N0 57 100 89.3 0.484 81.4 100 0.201
N1 29 46.0 75.8 0.010 51.1 87.3 0.017
N2 30 39.2 61.1 0.013 40.6 64.9 0.019
Metastatic status
M0 87 81.3 97.2 0.104 84.5 96.9 0.305
M1 29 14.3 29.5 0.009 21.4 34.6 0.041
I 28 100 100 0783 100 100 0.808
II 29 89.7 92.1 0.301 89.9 91.9 0.321
II 30 41.2 66.3 0.024 53.7 68.7 0.058
IV 29 18.9 37.5 0.014 26.2 38.4 0.049

Table 1: Correlation between PD-L1 and PD-L2 expression status and 5-year-survival rate in combination with clinicopathologic characteristics in patients with colorectal cancer (in %).

Cox regression analysis showed that PD-L overexpression in the tumor was an independent prognostic factor when considering overall survival (p=0.0002). Moreover, lymph node spreading (N1/2 status) was likewise an independent risk factor (p=0.001) while other factors were not significantly different.

Correlation between PD-1 expression and tumor-infiltrating T lymphocytes

We determined protein and gene expression levels of immune T cell-associated PD-1 expression and compared with the individual outcome of the patients. For this purpose, double immunostaining of PD-1 with markers for CD4+ and CD8+ immune cells were analyzed. Double positive CD4+/PD-1+ and/or CD8+/PD-1+ T cells were found to be present in 67 (57.8%) individual tumors. Among these cells the proportion of PD-1 positive tumor infiltrating CD4+ T cells profoundly increased in late stage cancers (UICC stages III/IV versus I/II: 57.8% vs. 24.4%, normal control 11.3%, p=0.001 (Figure 3a). In contrast, the proportion of PD-1 positive infiltrating CD8+ T cells decreased from early to late stages (UICC stages I/II vs. III/IV: 25.6% vs. 9.2%, p=0.0005 (Figure 3a).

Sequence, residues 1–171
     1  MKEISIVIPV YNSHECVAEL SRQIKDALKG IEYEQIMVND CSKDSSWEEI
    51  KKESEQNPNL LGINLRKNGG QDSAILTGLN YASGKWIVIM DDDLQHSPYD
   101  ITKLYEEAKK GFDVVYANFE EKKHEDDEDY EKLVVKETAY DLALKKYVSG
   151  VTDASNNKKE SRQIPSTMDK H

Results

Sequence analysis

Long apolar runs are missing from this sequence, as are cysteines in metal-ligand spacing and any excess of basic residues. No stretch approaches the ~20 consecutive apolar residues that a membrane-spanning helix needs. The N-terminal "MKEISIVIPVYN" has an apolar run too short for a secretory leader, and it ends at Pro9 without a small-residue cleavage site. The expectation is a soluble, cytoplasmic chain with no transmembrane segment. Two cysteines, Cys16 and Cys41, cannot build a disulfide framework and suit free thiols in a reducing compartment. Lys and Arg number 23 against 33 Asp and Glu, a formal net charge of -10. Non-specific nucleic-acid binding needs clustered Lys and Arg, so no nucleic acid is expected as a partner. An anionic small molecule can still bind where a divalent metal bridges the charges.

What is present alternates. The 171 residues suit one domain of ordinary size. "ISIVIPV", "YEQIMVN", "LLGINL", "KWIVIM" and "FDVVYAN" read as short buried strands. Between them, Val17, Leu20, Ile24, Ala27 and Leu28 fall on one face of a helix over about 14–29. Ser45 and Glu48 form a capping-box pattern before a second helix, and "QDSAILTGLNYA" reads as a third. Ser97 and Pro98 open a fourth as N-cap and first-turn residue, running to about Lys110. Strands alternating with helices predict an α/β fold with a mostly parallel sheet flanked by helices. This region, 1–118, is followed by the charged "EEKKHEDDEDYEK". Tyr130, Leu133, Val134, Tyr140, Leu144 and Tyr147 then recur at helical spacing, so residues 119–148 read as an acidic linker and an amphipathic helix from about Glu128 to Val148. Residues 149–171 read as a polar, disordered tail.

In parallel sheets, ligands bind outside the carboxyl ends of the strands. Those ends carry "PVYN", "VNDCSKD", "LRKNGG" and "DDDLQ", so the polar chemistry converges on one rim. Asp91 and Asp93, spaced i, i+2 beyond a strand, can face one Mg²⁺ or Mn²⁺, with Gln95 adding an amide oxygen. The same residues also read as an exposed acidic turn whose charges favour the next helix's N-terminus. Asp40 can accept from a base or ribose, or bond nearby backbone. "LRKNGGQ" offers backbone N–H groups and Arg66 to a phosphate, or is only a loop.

To further analyze whether infiltration patterns of T cells with regulatory characteristics like the expression of Foxp3 was associated with the observed CD4+/CD8+ T cell infiltration profiles, coexpression studies of PD-1 with CD4+ and Foxp3 double positive T cells were performed using double and triple staining techniques. Expression of PD-1 on Foxp3+ CD4+ T cells was intensified in late stage cancers compared to early cancers and normal tissue (UICC stage III/IV vs. UICC I/II: 57.8% vs. 25.5%, normal tissue 8.6%) (Figure 3a) suggesting that the presence of such T cells with regulatory characteristics is associated with tumor progression. Real Time PCR analysis confirmed overexpression for PD-1, for CD4 as well as for Foxp3 gene overexpression in late stage cancers (UICC III and IV) as compared to early stage cancers (UICC I and II) p<0.005, p<0.001, and p<0.001 respectively (Figure 3b). In contrast, CD8 gene expression was decreased in advanced stage cancers (p<0.0001, UICC III and IV) (Figure 3). These latter results are in accordance with results obtained by immunohistochemical analysis and suggest that negative signaling via PD-1 expressed on infiltrating immune cells (PD-1 positive CD8+ T cells) might be one mechanism of downregulation of the tumor immune response that is involved in the progression of the tumor.